Steve Gunn enjoys to do things his own way. The New York guitarist has taken an idiosyncratic approach to his own musical career, which has in turn taken him in some unusual directions. Like a lot of kids, Gunn grew up a punk fan and did time in a number of hardcore bands in his hometown of Philadelphia. He soon developed a love for guitar, but instead of hewing to the three-chords-and-the-truth model of punk rock, Gunn gravitated towards more free-form playing. He befriended the late Jack Rose, a guitarist who showed him the true possibilities of the instrument through his own intensive acoustic guitar instrumentals.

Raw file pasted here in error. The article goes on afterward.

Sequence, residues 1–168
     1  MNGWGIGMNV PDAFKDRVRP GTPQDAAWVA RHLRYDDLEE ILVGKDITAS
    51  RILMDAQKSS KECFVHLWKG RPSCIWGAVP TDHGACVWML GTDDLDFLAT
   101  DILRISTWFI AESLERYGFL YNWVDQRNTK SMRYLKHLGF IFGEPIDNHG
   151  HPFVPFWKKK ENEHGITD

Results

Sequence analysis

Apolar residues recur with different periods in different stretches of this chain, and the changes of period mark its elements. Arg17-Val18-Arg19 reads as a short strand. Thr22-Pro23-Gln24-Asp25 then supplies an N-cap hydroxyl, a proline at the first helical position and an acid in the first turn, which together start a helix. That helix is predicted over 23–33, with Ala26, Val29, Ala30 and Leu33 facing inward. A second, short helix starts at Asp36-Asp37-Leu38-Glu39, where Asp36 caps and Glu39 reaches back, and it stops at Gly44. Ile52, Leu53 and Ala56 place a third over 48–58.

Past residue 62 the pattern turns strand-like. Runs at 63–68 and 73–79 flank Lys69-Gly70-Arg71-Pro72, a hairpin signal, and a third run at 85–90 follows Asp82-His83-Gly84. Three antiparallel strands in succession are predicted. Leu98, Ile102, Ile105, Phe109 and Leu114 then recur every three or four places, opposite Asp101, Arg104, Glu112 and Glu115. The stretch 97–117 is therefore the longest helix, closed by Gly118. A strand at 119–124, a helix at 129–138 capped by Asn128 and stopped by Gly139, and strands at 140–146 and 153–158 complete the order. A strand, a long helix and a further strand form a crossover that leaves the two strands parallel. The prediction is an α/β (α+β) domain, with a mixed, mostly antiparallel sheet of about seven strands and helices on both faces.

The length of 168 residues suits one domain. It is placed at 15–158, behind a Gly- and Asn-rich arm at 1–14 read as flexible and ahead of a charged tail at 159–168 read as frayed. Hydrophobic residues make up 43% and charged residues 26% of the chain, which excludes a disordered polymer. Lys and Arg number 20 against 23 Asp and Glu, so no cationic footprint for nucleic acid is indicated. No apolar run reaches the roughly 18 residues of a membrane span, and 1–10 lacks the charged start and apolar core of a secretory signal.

Over the past fifteen years, Gunn has stayed out of the mainstream, but he’s maintained a prolific and diverse style. He’s collaborated with dozens of musicians, including a current stint with Kurt Vile & the Violators, and his work spans the full gamut of the guitar: psychedelia, country, folk, blues, jazz, even Indian raga. When he’s on his own, Gunn has kept his own voice out of his recordings, choosing to let his fluid guitar-playing do the talking.
But that’s not the case with Time Off. Amassed over the course of literal time off that Gunn had between other obligations, the new solo album finds him putting words to his guitar vamping. Drummer John Truscinski and bassist Justin Tripp provide the perfect foundation for Gunn, and things are kept pretty simple. Songs like “Water Wheel” unfold at a relaxed pace, settling into an instrumental groove before Gunn adds his laconic voice. It all sounds so effortless, but just beneath surface is an artist who’s worked hard to sound this good.